1. Claiming that answers might tend to incriminate him of a federal offense, petitioner refused to answer certain questions asked him by a special federal grand jury making a comprehensive investigation of violations of numerous federal criminal statutes and conspiracies to violate them. He had been publicly charged with being known as an underworld character and a racketeer with a 20-year police record, including a prison sentence on a narcotics charge. The questions he refused to answer pertained to the nature of his present occupation and his contacts and connections with, and knowledge of the whereabouts of, a fugitive witness sought by the same grand jury and for whom a bench warrant had been requested. The judge who had impaneled the grand jury and was familiar with these circumstances found no real and substantial danger of incrimination to petitioner and ordered him to answer. Petitioner stated that he would not obey the order, and he was convicted of criminal contempt. Held: The conviction is reversed. Pp. 480-490.
185 F.2d 617, reversed.
In a federal district court, petitioner was convicted of contempt for refusal to answer questions before a federal grand jury. The Court of Appeals affirmed. 185 F.2d 617. This Court granted certiorari. 340 U.S. 946 . Reversed, p. 490.
William A. Gray argued the cause for petitioner. With him on the brief was Lester J. Schaffer.
John F. Davis argued the cause for the United States. With him on the brief were Solicitor General Perlman, Assistant Attorney General McInerney and J. F. Bishop.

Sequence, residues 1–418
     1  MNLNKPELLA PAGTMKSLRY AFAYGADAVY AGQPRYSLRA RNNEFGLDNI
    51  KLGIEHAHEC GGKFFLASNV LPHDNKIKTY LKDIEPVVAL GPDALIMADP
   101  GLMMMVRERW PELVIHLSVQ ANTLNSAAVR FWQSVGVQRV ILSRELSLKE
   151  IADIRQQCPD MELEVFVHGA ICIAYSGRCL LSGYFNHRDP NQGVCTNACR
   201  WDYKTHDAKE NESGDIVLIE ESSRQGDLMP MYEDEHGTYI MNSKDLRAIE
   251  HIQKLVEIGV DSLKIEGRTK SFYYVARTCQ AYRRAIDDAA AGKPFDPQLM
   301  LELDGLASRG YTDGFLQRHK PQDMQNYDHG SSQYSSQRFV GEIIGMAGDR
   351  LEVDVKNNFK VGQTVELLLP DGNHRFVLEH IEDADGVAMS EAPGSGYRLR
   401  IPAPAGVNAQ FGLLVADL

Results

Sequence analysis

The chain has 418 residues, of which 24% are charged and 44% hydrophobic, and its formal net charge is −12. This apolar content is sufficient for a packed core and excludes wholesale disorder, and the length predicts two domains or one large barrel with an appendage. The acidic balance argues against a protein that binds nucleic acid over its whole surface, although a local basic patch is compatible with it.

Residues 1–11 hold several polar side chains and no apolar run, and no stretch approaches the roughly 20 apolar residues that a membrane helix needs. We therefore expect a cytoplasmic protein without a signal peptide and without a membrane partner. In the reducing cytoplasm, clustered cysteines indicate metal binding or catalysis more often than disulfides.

MR. JUSTICE CLARK delivered the opinion of the Court.
Petitioner has been convicted of criminal contempt for refusing to obey a federal court order requiring him to answer certain questions asked in a grand jury investigation. He raises here important issues as to the application of the privilege against self-incrimination under the Fifth Amendment, claimed to justify his refusal. [341 U.S. 479, 481]
A special federal grand jury was convened at Philadelphia on September 14, 1950, to investigate frauds upon the Federal Government, including violations of the customs, narcotics and internal revenue liquor laws of the United States, the White Slave Traffic Act, perjury, bribery, and other federal criminal laws, and conspiracy to commit all such offenses. In response to subpoena petitioner appeared to testify on the day the grand jury was empaneled, and was examined on October 3. The pertinent interrogation, in which he refused to answer, follows:
Petitioner's claim of privilege was challenged by the Government in the Federal District Court for the Eastern District of Pennsylvania, which found no real and substantial danger of incrimination to petitioner and ordered him to return to the grand jury and answer. Petitioner stated in open court that he would not obey the order, and on October 5 was adjudged in criminal contempt and sentenced to five months imprisonment. 18 U.S.C. 401; Federal Rule of Criminal Procedure 42 (a).